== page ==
A photo I took in Florence many years ago.
Those of us who’ve visited Italy have very fond memories of our sojourns there. We also have fond memories of various novels by Italian authors, and by non-Italian authors who set some of their books in Italy.
I’m currently reading Irving Stone’s terrific biographical novel The Agony and the Ecstasy, which stars not only the brilliant sculptor/artist Michelangelo but also the vividly depicted city of Florence. While readers know from the start that Michelangelo is destined for greatness, the 1961 novel is still fascinating and suspenseful as we see his path to creative mastery, learn about his personality, sympathize with his setbacks, etc. One can tell that the American author spent a lot of time in Italy researching the book before writing it.
Now let’s turn to some excellent Italian writers. Among those I’ve read are Elsa Morante, Giuseppe Tomasi di Lampedusa, Umberto Eco, Italo Calvino, and Elena Ferrante.
Morante’s History is a gripping tale of a mostly ill-fated family — living in Rome during World War II — that includes the beleaguered Ida and her very charismatic young son Useppe.
Lampedusa’s posthumously published novel The Leopard — about the aristocracy’s decline in 19th-century Italy and more — is a book with prose worthy of F. Scott Fitzgerald’s The Great Gatsby.
Eco’s The Name of the Rose is a mesmerizing murder mystery set in a 14th-century monastery. But another Eco novel, Foucault’s Pendulum, is a hard-to-read book that gave me a headache.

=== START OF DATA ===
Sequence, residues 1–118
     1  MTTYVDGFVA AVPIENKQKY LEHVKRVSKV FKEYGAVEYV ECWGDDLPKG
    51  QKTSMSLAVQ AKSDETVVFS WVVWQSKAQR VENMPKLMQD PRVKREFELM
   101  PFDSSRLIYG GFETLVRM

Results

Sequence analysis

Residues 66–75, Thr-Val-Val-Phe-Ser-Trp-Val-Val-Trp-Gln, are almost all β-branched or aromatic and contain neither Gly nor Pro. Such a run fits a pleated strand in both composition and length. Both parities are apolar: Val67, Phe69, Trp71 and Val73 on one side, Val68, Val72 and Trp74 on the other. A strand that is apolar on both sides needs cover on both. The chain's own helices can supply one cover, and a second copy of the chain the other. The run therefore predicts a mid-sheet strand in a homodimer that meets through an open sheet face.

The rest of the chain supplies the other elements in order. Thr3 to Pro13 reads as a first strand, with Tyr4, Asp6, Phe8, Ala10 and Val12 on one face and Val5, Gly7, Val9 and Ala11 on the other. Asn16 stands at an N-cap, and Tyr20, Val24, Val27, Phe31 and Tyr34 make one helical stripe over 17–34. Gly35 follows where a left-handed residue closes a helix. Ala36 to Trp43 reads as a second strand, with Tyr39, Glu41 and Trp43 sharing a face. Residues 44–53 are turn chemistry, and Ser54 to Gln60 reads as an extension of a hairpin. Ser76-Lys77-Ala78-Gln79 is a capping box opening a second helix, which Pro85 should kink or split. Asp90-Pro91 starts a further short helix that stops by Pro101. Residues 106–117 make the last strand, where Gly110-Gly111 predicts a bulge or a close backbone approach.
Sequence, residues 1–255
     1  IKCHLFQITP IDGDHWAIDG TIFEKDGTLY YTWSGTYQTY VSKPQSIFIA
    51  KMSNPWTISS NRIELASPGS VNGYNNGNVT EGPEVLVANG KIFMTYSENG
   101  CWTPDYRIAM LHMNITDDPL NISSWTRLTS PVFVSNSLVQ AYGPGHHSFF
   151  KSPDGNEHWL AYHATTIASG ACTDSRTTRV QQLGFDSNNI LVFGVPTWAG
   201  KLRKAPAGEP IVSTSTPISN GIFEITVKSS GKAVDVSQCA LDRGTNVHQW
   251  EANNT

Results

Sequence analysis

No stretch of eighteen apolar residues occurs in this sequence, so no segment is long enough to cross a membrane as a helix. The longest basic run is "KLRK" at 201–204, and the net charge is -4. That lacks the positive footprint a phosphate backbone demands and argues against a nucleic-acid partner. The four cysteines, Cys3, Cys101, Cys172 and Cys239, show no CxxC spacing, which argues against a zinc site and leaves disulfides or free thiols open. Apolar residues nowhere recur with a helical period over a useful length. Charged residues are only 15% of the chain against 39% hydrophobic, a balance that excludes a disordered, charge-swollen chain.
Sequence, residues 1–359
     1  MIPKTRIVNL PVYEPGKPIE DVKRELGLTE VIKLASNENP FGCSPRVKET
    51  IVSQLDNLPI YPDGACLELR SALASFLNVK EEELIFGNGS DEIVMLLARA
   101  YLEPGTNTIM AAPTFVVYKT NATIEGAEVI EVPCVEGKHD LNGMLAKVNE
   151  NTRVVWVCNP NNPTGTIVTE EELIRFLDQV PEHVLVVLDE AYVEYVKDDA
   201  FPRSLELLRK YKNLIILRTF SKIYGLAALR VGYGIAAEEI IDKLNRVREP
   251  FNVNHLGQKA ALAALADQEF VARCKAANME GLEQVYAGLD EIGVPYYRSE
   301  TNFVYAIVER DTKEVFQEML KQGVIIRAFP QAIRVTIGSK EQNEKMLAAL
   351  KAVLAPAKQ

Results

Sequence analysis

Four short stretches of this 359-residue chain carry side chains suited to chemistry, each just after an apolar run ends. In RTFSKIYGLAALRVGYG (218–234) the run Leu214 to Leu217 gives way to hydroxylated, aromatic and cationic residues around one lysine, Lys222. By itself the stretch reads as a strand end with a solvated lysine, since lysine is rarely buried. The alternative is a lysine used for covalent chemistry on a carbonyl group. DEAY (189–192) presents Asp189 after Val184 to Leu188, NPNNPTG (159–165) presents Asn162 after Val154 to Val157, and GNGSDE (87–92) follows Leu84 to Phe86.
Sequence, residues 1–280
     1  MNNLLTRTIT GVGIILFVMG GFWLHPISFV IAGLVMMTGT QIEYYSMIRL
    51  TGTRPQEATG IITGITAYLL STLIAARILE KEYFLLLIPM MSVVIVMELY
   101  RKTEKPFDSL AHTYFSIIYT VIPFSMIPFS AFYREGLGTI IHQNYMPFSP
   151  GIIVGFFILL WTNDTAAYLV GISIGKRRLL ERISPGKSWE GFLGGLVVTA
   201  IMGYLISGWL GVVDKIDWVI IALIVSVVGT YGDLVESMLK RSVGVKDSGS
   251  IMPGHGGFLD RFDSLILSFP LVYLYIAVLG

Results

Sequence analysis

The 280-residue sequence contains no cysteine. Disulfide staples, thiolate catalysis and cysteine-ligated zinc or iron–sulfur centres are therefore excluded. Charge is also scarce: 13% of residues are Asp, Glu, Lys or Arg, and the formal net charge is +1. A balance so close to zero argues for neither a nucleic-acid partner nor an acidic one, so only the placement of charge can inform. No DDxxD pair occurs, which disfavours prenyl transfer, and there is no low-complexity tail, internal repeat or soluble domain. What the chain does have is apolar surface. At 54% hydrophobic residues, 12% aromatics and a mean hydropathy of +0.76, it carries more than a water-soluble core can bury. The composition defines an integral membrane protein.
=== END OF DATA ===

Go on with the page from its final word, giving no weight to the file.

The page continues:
Calvino? I’ve read his quirky Marcovaldo, starring an at-times bumbling dreamer. It’s one of those novels-comprised-of-interconnected-short-stories a la Elizabeth Gaskell’s Cranford, Elizabeth Strout’s Olive Kitteridge, and Sherwood Anderson’s Winesburg, Ohio.
I’ve also tried one Elena Ferrante novel — her interesting The Lost Daughter, made into a 2021 film.
Then there’s of course Dante Alighieri’s 14th-century Divine Comedy. I hope to read that epic poem one of these days.
Back to non-Italian writers…
American/British novelist Henry James placed some of his work in Italy — including the intriguing The Aspern Papers (Venice) and the so-so Daisy Miller (Rome).
French author Stendhal featured an Italian nobleman in The Charterhouse of Parma.
English writer Anthony Burgess’ The Kingdom of the Wicked includes the volcanic disaster that befell Pompeii.
American author Martin Cruz Smith, known for Gorky Park and its sequels, left his Russian milieu at times to write stand-alone novels such as The Girl from Venice.
Speaking of Italy’s beautiful city of canals — a place I’ve been fortunate to visit twice — there’s also Thomas Mann’s Death in Venice, the only other work named in this post I haven’t read yet.
Any authors and literary works you’d like to mention that fit this theme?
My literary-trivia book is described and can be purchased here: Fascinating Facts About Famous Fiction Authors and the Greatest Novels of All Time.
In addition to this weekly blog, I write the 2003-started/award-winning “Montclairvoyant” topical-humor column for Baristanet.com every Thursday. The latest piece — about a rent control agreement, a major redevelopment project, and the possible reopening of a century-old movie theater — is here.